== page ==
Thursday, October 19, 2017

New-to-Market: GraniteShares COMB & COMG

Thursday, October 19, 2017 - New-to-Market:  This blog series highlights ETFs that have recently gone public and reflect those strategies currently most in demand by investors. While ETFs are not eligible for ETFG Risk Ratings until traded for 3 months and ETFG Reward Ratings for 12 months, our goal is to highlight cutting-edge investment strategies that have recently embraced the ETF structure – we hope you enjoy this special series of posts!

Something we’ve frequently talked about over the years is how the explosion of investor interest in Exchange-Traded-Products has resulted in many newly launched funds simply being attempts at “building better mousetraps” for whichever sector or investment theme is in demand this month.  Whether it’s a momentum fund with quarterly reconstitution instead of semiannual or an equity income fund that weights by dividends instead of market cap, all these tweaks in the end add up to a fund that’s more “evolutionary” than “revolutionary” and which is one reason why we get so excited for the truly novel, new fund. The only thing more exciting than an innovative new fund is whether a fund sponsor takes the risk to a bring a new product to a challenging sector. If there’s any sector held in less regard than commodities, we haven’t found it. So for this edition of our “New-to-Market” series, we focus on a pair of funds from GraniteShares, a new player in the commodities sector and which we think could herald a major rethink for all commodity funds going forward.

We could dwell on how commodities have to be the least loved sector of the investment universe, but a quick glance at the performance of one of the largest commodity ETPs, the iShares S&P GSCI Commodity-Indexed Trust (GSG), since the start of the equity bull market, would tell us all we need to know. Linked to the S&P GSCI Commodity Index, GSG last outperformed the S&P 500 in 2007 and since then has been nothing but disappointment for buy-and-hold investors as the fund has racked up a trailing five-year return ending September 30th of -15.11% compared to a -14.38% for the S&P GSCI and a positive 14.22% for the S&P 500. Although major commodity indices enjoyed a strong 2016, that weak long-term performance has led to serious asset outflows resulting in only a handful of specialized product launches over the past few years and little to no analyst coverage as even heavyweight Morningstar no longer has analyst coverage on any ETPs in that space.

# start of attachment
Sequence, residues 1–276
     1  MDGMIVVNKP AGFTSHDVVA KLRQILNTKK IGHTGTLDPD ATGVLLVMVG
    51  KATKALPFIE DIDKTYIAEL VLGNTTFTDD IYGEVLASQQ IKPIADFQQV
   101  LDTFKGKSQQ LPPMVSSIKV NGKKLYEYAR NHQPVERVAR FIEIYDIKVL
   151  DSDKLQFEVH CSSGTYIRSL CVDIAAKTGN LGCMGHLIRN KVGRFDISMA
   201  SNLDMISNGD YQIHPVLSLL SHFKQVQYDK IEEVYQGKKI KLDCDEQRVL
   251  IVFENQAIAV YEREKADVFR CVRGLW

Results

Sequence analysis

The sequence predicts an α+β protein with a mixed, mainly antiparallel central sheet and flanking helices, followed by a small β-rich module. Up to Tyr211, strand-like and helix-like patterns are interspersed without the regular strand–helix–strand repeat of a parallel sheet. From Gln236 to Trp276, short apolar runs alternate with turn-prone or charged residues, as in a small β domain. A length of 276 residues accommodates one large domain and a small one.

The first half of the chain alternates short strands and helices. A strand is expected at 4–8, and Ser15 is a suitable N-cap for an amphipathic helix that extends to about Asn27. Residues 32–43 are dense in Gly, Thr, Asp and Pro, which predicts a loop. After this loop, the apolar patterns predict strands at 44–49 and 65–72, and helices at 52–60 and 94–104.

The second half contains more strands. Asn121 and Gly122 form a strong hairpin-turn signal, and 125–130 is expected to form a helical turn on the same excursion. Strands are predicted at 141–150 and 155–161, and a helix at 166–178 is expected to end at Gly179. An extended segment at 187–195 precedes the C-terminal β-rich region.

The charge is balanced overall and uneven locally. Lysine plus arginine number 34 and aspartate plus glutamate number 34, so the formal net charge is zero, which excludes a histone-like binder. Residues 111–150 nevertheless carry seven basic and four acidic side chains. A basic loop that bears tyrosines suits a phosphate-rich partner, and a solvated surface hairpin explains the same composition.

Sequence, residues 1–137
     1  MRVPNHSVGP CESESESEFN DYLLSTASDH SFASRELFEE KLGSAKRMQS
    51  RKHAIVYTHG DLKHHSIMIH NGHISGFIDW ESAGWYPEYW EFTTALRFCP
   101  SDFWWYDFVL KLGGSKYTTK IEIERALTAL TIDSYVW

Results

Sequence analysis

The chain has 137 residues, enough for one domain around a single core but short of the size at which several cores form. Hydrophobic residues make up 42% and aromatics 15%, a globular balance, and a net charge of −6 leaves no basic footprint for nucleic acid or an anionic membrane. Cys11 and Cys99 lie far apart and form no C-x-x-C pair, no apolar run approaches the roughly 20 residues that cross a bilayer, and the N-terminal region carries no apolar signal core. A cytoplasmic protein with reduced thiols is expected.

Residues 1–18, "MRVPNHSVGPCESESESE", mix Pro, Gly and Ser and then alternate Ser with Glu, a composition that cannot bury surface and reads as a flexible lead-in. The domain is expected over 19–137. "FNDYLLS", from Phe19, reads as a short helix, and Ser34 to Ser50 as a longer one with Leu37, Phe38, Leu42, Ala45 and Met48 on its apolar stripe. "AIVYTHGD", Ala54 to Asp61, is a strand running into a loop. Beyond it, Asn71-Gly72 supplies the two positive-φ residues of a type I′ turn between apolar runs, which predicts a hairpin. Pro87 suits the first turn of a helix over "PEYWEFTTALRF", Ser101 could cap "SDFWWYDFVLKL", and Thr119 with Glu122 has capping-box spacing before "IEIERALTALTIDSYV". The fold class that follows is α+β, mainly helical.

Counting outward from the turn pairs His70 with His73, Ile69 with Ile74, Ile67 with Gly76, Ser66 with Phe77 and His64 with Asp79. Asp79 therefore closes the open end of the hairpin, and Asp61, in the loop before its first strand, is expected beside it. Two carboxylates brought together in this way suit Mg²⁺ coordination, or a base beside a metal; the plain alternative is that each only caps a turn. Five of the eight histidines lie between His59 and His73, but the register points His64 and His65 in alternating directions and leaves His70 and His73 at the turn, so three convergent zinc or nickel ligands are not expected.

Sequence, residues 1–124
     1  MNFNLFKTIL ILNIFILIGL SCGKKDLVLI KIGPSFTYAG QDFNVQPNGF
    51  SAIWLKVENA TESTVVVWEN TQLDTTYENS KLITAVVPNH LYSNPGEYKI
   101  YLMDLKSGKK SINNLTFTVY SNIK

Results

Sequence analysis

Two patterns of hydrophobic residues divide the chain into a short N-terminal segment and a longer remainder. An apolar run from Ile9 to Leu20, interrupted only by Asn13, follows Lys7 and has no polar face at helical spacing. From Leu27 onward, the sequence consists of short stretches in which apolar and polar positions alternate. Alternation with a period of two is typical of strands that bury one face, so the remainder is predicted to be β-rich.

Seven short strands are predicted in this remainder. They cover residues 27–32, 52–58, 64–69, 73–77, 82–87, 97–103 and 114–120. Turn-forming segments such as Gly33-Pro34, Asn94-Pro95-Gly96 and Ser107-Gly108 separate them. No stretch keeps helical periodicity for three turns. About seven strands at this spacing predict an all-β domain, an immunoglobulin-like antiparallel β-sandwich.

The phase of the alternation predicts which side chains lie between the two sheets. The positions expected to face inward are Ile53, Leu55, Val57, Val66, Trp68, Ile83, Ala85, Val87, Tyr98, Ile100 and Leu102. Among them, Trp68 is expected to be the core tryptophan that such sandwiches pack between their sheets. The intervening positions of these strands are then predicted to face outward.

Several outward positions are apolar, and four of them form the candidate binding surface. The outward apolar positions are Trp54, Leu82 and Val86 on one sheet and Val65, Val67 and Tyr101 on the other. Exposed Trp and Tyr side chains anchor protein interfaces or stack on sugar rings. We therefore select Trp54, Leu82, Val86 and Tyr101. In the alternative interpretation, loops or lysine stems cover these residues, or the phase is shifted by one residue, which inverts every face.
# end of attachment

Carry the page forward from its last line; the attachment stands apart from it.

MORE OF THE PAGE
If you’re shocked that a new ETF issuer would pick such a downtrodden sector for its first funds, wait until you hear what sort of products they’ve brought to market.  In a time when new ETPs rely on such intricate strategies that their names require at least three lines and two commas, GraniteShares has chosen to go back to the basics by introducing not one, but two, broad-based commodity funds, the GraniteShares Bloomberg Commodity Broad Strategy No K-1 ETF (COMB) and GraniteShares S&P GSCI Commodity Broad Strategy No K-1 ETF (COMG). That’s right, instead of developing a niche strategy investing in specific commodities while relying on some long/short momentum strategy, GraniteShares has decided to go back to the basics by offering products focused on large and small investors who are looking for broad exposure to the asset class, with familiar reference indices and at a reasonable cost and hey, why not solve one of the biggest headaches with investing in commodities while you’re at it?